Hindsight : Metro 2033
Cart: Metro 2033
Cab: Xbox 360 / PS3 / PC
Coin: 4A Games
2013 is sure to be a game of two halves.
On one hand we’ll all be eagerly awaiting the (probable) launch of the PS4 and Xbox3 but on the other we’ll have to make do with squeezing the last drops out of our current machines. You could easily forgive developers for putting all their eggs in the shiny new baskets but the release calendar for next year is actually shaping up to be very interesting indeed.
One title that has perhaps caught my attention more than any other is Metro Last Light. The sequel to 2010’s Metro 2033, this promises to continue with the original’s rather esoteric and claustrophobic take on the FPS action-adventure genre. Given this and the recent fire sale by THQ, it seems like an ideal juncture to look back at the original through our rose-tinted gas masks.
Rather uniquely, this is a game based on a book and I can’t help but feel that this simple fact is directly responsible for much of the game’s finer qualities. Set in a post-apocalyptic future where Moscow has been nuked and its remaining residents forced into the city’s metro systems for two decades, the plot (penned by a Russian author) drips with a deliciously sombre, heavy atmosphere and the developers (based in the Ukraine) have done a similarly brilliant job of realising this both on screen and in the palm of your hands. The book’s author, Dmitry Glukhovskiy, was an integral part of the development team and the final result has a sense of completeness and identity that few games can match.
Built upon an adapted version of the S.T.A.L.K.E.R engine, it’s fair to say that this is a game drenched in an Eastern European flavour from the foundations up and is a complete breath of fresh air as a result, even if fresh air is the last thing you’ll ever experience in the game. Free from the focus-group driven, buzzword fuelled Hollywood expectations of Western ideologies yet far grittier and familiar in tone than the slightly androgynous, manga inspired ones from the Far East, this inconspicuous gem sits comfortably and confidently in the middle of many assumptions that we take for granted in gaming today.
Taking the role of Artyom, one of the first-born after the apocalypse, you slowly make your way through the metro system on a quest to aid one of the more remote stations. A seemingly simple task in the first instance, the plot takes a good number of twists and turns and the gameplay evolves to suit. Much of the game takes place underground in eerie, dank and dark environments where enemies range from humans to mutants to beasts known only as the Dark Ones. In addition to this there are many spiritual overtones that are never fully explained but manifest in the form of apparitions and visions, some of which are playable, all of which are quite gripping. The open-ended nature of the plot leaves you begging for more. As gamers used to largely satisfying and conclusive plots, Metro 2033’s ambiguousness is a welcome change of pace and a firm nod to the Eastern roots of the game and its mythology.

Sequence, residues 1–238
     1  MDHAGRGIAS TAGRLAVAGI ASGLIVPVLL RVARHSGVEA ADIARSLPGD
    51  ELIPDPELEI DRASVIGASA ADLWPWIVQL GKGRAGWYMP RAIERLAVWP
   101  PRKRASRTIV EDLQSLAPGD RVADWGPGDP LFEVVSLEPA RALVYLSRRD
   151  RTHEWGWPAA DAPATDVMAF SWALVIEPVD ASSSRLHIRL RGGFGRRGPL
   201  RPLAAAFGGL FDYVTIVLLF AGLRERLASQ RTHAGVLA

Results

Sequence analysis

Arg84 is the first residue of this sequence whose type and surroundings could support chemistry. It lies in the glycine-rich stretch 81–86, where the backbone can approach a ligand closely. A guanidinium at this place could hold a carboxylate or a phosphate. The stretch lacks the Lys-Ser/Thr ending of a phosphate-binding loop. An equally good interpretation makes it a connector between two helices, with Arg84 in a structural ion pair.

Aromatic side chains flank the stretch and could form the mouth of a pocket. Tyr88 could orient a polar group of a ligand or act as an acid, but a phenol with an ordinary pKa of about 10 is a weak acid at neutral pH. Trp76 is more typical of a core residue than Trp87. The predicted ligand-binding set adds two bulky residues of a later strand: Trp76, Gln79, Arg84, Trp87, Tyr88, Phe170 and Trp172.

An FPS at heart, Metro 2033 successfully incorporates elements of stealth gameplay and makes excellent use of real-time shadows and dynamic lighting, something than some of its more successful contemporaries have failed to embrace. Judging by the quality of both this and the Crytek engine, it makes me wonder why we put so much faith in Western ones such as the Unreal Engine that seem much less well suited to such endeavours.
The sense of immersion and foreboding in Metro 2033 is truly gripping and whilst it does have some rough edges (character animations, voice acting and textures), if you give yourself into it by cranking up the difficulty and removing the HUD, you’ll find an experience as absorbing and challenging as anything else the genre has to offer. As with Mirror’s Edge, a heavy focus has been placed upon keeping you ‘in-character’ and whilst Metro 2033 doesn’t go quite so far it’s much closer to it than your average FPS. Inspired little touches such as viewing the map held in your hand, having a zippo to see it in the dark, a hand-held dynamo to power your torch, a fragile gas mask with limited usage and ammo that can be used as currency all add up to create a game proud of its heritage and clear in its sense of direction. Couple this with razor-like controls and a lengthy and well-paced campaign and you can’t go far wrong. It’s completely devoid of multiplayer and is a about as linear as they come but it matters not, in fact it’s yet another sign of the game’s confidence in its convictions.
With Metro 2033 being one of the more forgotten gems of 2010, here’s looking forward to Metro Last Light getting the recognition it deserves in 2013.
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